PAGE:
I had a margarita during the flight from Havana to Cuba, it was delish!
Arriving in Cuba
Upon arriving in Cuba we went through customs where we take a picture and submit our passports and visas. They do ask if you would like your passport stamped. After that, you put your luggage through the scanner and walk through a metal detector. Once you’ve done all of that you go on to baggage claim if you checked luggage, however, we didn’t. We heard that there is often a long wait at baggage claim –to the tune of 2-3 hours. #teamcarryon
The other girls we were meeting up with were to arrive before us via Southwest in another terminal so we agreed to meet in Terminal 3 (where we arrived). Here is where things fell apart largely due to not being able to communicate which each other. We were able to confirm their flight landed but we couldn’t find them. Long story short it took us almost 2 hours to find each other. The moral of this story is if your group is arriving separately, agree on a meeting area and have a contingency plan should situations change, such as a delayed flight. Most importantly, stick to your agreed upon plans, don’t deviate.
Another thing worth mentioning is that unlike most airports, the terminals at the airport in Havana are not in the same building and are not walking distance from each other.
Right outside of terminal 3 (where Delta, Spirit, Jet Blue, Interjet operate from) there are two money change places on either side of the door. I changed 100 Euros while we waited for our friends here so I’d have enough for the taxi and perhaps dinner if needed. There are places to change money in Havana where you can get better rates than the airport.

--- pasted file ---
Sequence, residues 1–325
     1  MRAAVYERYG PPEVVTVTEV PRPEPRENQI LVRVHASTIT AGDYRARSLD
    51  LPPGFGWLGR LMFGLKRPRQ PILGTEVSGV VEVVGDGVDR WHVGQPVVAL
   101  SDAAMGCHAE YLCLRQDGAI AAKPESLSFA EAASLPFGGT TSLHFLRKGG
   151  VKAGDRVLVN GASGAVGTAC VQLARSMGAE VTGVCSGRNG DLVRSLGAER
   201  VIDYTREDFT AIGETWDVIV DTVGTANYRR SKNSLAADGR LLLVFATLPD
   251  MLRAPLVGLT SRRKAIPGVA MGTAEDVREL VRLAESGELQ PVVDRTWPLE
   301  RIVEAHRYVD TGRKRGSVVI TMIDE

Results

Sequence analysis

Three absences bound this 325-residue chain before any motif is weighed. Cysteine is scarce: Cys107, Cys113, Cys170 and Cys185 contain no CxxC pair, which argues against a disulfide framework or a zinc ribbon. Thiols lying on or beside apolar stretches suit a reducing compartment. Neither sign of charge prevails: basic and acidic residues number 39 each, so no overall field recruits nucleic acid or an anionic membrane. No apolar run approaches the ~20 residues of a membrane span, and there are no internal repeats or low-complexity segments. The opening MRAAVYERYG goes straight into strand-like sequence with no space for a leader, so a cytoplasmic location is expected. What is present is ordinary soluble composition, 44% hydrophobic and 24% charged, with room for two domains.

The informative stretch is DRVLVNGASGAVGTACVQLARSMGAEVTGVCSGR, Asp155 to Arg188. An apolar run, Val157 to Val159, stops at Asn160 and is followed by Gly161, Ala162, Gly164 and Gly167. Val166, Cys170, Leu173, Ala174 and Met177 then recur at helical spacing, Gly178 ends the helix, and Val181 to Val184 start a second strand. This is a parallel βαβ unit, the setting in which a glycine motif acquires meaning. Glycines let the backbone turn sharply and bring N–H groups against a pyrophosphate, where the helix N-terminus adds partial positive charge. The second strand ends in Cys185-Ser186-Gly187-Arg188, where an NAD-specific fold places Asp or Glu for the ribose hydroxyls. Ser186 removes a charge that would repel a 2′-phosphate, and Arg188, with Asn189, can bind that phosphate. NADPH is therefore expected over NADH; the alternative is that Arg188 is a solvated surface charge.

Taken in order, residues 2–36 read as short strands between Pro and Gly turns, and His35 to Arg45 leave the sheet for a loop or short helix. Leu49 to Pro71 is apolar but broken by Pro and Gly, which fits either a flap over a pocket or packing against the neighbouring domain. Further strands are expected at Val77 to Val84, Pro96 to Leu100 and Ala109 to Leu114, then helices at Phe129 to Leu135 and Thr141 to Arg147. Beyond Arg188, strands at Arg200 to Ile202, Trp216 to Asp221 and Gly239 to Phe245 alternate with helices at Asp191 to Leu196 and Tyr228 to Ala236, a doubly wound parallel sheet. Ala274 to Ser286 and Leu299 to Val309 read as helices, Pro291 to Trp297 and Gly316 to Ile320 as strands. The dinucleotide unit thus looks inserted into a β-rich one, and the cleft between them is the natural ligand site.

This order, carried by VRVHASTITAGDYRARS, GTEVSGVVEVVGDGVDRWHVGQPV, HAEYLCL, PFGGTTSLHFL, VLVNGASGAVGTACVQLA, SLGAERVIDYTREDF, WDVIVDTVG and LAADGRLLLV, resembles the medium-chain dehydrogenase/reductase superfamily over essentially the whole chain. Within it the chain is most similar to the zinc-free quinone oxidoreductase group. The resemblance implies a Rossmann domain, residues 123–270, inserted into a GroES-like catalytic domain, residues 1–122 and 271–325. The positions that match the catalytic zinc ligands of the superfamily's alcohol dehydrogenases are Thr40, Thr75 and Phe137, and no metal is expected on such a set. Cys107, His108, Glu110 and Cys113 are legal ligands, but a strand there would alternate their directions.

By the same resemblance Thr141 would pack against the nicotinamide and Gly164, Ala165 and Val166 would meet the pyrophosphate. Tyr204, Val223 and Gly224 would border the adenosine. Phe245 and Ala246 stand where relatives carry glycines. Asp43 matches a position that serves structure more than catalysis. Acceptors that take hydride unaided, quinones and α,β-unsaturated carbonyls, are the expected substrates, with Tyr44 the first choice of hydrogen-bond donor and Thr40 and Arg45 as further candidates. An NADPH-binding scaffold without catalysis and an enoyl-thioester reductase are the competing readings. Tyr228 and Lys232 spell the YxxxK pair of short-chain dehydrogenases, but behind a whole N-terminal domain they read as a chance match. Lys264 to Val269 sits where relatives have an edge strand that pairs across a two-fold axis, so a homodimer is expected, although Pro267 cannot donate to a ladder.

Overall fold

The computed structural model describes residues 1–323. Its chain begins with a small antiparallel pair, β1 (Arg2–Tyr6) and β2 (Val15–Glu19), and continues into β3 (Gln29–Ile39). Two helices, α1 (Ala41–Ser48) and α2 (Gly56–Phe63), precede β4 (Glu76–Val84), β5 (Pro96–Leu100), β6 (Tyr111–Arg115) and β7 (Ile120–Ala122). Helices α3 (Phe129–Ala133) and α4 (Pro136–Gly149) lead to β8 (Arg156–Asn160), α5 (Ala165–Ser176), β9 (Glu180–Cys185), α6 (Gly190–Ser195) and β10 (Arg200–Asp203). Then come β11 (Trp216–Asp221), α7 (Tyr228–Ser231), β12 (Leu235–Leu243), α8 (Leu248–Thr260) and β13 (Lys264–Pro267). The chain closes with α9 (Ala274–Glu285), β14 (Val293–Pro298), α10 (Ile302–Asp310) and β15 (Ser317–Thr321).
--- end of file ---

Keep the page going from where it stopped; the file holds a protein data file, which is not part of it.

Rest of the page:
There are plenty of taxis right outside the terminal and they run a pretty efficient process. We got a taxi and negotiated from 40 CUC to 30 CUC to take the 4 of us to our Airbnb that was about 25 minutes from the airport.
Our Airbnb was located in the Vedado area, walking distance from the Malecon, a money change establishment, restaurants, and a little convenience store. It was a two bedroom, two bathroom apartment (not including the rooms the owners occupied) on the third floor, with a big den and living room. Our bathrooms were inside the bedrooms which provided an added convenience and layer of privacy. It was also very affordable at around $60 per person for the entire length of our stay.
Although we thought we were renting the entire apartment, having the owners living there seems to be a common practice in Cuban Airbnb’s that ended up being to our benefit as they would often make recommendations for places to go and things to do. Another benefit to this is hosts are often more successful at arranging drivers for your trips to other cities at a much better rate than you would be able to do on your own.
Friday evening we decided to have dinner at a nearby restaurant that happened to be one of the ones we researched named La Catedral. Oh my word! The food and drinks there are amazing and cheap.